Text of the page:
José Guadalupe Posada(Mexican 1852 – 1913) joined the publishing house of Antonio Vanegas Arroyo in 1888 as an illustrator and engraver. There he met Manuel Alfonso Manilla (Mexican, 1830 - 1895) and until 1899, the two men shared engraving duties. They worked so closely together, that some works are hard to ascribe definitively to one artist or the other. Posada’s subject matter varied greatly and included political caricatures, advertisements and religious imagery. He is known to have created images for over fifty-two Mexico City based periodicals and his images are numbered in the thousands. One of the most popular subjects, however, are his calaveras, or skeletons. The calaveras were already a part of the strong tradition of Mexican graphic arts, but through the popularity of the broadsides, Posada and Manilla brought the satirical skeletons prominently into the mainstream. His use of traditional imagery and his impact on countless artists of later generations has inspired Posada’s biographers paint him as a gateway from the 19th to the 20th century, a link that had been seen as previously lacking and was enthusiastically reclaimed when he was “rediscovered” by the artists of the Mexican muralist movement in the 1920s and 1930s. Prominent artists such as Diego Rivera (1886-1957) and José Clemente Orozco (1883-1949) were greatly influenced by Posada and through their admiration turned him into a folk hero and prompted a posthumous fame for the artist that revived an international interest in his work that continues to this day.
Medium: Zinc etching, restrike Dimensions: 6 3/8 x 10 1/2 inches (plate) 12 x 15 inches (sheet) Edition: of 150 Printer: Phil Sanders, master printer at New World Prints. Blindstamp lower left Provenance: Posada Art Foundation
Staff Selections Exhibition: This piece captures my favorite elements of Mexican folk art: simple figures, absurdity, maximalism, and dark humor. Each figure is unique and I especially love the exploding skulls in the sky and the skeleton dog. While I am a devout admirer of all works by José Guadalupe Posada, this restrike from the Posada Art Foundation is an incredible piece that speaks to today's "end times" feelings. -Paige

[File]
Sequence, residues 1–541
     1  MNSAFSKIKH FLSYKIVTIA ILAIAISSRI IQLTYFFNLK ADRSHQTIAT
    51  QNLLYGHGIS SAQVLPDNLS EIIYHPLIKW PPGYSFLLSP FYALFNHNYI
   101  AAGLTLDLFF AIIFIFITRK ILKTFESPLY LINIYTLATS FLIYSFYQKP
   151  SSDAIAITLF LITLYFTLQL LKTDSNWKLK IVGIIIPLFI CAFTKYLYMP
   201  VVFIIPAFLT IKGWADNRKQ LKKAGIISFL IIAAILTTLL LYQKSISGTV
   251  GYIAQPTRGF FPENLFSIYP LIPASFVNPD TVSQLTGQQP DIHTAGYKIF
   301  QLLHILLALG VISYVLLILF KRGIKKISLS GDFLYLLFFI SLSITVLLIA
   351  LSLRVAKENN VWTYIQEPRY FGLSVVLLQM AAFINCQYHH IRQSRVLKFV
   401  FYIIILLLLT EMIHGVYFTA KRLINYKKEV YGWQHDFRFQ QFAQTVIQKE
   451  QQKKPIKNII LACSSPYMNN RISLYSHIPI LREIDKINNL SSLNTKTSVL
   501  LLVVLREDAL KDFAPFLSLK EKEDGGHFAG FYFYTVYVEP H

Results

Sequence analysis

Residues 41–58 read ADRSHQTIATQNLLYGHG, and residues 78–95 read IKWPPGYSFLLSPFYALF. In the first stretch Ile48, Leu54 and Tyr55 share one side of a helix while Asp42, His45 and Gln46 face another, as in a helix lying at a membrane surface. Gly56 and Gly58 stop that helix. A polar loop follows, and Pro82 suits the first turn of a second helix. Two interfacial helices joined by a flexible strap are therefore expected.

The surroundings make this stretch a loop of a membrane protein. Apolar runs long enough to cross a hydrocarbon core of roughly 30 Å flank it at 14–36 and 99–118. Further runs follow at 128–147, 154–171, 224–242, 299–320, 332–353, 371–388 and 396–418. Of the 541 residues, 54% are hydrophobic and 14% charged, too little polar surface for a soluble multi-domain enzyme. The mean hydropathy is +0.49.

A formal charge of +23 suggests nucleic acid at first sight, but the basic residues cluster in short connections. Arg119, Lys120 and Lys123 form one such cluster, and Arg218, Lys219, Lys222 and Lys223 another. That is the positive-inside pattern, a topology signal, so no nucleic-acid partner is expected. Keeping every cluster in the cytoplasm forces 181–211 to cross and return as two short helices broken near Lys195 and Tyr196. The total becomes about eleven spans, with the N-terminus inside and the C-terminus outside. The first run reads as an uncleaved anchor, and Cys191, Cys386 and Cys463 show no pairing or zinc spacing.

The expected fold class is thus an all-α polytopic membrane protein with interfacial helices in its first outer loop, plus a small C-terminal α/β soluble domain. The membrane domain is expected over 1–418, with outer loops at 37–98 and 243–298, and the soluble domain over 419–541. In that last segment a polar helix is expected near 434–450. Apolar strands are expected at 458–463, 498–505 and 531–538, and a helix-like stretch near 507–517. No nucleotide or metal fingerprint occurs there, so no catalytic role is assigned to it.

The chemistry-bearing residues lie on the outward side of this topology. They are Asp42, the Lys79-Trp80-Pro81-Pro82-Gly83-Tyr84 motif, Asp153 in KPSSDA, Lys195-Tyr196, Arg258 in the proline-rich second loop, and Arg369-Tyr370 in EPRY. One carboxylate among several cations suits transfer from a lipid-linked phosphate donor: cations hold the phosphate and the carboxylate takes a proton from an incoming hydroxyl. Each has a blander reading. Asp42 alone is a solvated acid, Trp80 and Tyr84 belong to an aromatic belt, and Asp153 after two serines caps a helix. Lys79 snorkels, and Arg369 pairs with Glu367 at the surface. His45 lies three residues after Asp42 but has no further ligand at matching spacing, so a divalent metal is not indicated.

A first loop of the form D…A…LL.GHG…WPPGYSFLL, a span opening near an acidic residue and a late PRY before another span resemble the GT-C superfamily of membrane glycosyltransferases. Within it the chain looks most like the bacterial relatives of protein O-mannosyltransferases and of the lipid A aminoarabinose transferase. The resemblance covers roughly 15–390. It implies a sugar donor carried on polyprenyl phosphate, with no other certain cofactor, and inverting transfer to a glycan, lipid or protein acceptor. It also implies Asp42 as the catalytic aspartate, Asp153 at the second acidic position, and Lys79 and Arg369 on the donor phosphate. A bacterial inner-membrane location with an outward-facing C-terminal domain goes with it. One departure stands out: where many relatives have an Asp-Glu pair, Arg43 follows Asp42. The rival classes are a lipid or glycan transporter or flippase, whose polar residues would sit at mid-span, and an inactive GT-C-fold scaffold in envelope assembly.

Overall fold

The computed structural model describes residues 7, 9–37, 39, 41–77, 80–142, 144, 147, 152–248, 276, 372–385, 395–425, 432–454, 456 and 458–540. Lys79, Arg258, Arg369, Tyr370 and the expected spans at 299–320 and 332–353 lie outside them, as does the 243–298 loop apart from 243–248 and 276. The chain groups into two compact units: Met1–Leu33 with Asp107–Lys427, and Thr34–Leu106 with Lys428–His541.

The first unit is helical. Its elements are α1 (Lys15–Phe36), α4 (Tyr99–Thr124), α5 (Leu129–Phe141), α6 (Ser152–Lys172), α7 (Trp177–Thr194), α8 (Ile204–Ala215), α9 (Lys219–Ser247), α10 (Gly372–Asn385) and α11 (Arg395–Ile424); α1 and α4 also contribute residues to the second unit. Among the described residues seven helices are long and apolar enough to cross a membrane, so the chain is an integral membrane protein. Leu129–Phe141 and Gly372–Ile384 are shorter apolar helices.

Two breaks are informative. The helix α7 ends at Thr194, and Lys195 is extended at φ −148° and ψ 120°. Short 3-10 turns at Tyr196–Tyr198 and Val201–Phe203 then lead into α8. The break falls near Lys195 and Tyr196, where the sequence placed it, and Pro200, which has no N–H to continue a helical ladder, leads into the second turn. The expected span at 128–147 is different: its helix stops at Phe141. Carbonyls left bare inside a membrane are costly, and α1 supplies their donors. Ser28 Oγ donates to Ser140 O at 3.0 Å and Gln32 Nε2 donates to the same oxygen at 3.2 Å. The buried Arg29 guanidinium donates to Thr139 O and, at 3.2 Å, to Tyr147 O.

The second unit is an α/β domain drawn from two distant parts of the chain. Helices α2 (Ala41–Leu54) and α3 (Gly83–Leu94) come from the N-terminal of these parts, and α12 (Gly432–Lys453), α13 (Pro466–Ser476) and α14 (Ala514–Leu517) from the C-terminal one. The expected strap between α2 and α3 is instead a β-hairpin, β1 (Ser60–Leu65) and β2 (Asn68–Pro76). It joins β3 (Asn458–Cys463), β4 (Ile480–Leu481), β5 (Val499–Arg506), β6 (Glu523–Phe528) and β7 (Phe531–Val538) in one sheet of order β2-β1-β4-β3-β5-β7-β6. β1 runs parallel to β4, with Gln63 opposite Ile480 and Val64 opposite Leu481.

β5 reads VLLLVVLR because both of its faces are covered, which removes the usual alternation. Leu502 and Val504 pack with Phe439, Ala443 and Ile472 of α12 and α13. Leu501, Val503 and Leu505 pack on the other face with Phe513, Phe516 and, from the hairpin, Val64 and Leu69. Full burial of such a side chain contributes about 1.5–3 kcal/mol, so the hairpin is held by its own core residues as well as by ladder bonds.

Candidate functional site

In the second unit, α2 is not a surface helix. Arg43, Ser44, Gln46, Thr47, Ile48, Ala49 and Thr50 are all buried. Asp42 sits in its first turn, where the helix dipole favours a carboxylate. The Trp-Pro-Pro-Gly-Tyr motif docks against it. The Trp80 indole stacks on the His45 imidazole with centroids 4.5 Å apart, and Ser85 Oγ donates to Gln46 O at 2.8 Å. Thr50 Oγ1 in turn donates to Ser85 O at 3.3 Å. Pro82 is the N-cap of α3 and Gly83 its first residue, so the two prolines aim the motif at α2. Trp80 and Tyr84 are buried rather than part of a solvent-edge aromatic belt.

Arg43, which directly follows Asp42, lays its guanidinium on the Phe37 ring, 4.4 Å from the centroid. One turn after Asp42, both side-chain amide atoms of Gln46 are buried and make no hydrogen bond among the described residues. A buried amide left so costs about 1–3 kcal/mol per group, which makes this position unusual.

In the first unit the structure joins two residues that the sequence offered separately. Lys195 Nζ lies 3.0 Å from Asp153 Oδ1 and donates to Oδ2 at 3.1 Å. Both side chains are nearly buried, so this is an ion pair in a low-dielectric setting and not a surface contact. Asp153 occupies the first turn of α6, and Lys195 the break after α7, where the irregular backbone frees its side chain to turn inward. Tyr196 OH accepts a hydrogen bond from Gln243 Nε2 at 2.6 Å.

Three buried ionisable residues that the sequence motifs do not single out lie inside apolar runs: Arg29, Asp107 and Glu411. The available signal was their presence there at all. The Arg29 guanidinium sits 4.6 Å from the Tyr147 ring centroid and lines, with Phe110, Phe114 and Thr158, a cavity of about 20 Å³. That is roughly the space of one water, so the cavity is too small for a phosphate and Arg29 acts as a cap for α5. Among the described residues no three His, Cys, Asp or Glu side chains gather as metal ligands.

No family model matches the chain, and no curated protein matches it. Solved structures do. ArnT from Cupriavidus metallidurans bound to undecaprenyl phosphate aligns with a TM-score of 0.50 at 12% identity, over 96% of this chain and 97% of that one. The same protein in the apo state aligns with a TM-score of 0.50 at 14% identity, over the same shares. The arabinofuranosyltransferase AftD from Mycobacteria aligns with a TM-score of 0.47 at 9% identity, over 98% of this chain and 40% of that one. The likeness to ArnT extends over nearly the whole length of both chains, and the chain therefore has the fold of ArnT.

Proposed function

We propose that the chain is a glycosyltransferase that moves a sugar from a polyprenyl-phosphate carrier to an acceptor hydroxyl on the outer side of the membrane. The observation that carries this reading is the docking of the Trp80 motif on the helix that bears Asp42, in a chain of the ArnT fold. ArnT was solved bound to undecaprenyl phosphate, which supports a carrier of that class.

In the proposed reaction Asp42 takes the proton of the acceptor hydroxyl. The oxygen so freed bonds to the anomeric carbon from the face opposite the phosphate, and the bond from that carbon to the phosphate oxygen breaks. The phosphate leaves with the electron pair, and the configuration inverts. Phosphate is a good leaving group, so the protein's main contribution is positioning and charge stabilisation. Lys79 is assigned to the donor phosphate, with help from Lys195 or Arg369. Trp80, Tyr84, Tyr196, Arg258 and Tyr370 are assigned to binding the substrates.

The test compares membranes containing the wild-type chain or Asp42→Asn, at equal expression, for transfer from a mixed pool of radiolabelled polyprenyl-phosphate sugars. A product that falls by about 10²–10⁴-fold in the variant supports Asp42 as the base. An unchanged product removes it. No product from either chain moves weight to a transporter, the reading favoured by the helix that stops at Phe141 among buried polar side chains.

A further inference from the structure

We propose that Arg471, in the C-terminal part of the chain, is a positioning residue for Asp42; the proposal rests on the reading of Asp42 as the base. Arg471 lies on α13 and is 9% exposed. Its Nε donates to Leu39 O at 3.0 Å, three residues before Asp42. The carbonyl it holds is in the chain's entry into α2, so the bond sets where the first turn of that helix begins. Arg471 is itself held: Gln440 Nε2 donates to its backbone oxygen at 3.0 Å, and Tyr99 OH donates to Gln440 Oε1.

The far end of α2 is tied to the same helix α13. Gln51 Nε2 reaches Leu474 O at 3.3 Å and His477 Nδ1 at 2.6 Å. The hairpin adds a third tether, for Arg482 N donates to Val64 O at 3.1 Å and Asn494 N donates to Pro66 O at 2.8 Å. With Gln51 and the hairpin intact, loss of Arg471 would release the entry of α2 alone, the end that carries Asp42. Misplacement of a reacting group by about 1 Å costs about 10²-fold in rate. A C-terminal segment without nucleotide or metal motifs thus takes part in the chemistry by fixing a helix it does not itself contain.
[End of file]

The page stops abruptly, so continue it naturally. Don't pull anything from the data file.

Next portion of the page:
Medium: Type-metal engraving, restrike Dimensions: 2 1/2 x 2 1/2 inches Artist details: Mexican, 1852 - 1913 Date of plate: ca. 1900 Date of impression: 2012 Edition: 10/150 Printer: Phil Sanders, master printer at New World Prints. Blindstamp lower left. Provenance: Posada Art Foundation
Medium: Type-metal engraving, restrike Dimensions: 3 1/8 x 2 3/8 inches Artist details: Mexican, 1852 - 1913 Date of plate: ca. 1900 Date of impression: 2012 posthumous printing Edition: 12/150 Printer: Phil Sanders, master printer at New World Prints. Blindstamp lower left Provenance: Posada Art Foundation
Medium: Woodcut Dimensions: 13 3/4 x 9 1/4 inches Artist details: Mexican, 1852 - 1913 Edition: restrike from the 1920's exhibit at Cisneros Gallery, NYC Condition: Tape residue verso shows through to recto. Toning. Tear upper left corner. Old hinges verso at mid-page.
Series: Biblioteca Del Niño Mexicano, a series of patriotic tales and episodes by Heriberto Frias Medium: Complete chapbook with chromolithographs Dimensions: 4 3/4 x 3 1/4 inches Artist details: Mexican, 1852 - 1913 Date of plate: ca. 1898 Date of impression: 1899-1901
José Guadalupe Posada
Un Calaveron Enteco Soñaba en Noche Fatal Lo Que Pudo Comprobar Que Ya No Hay Estado Seco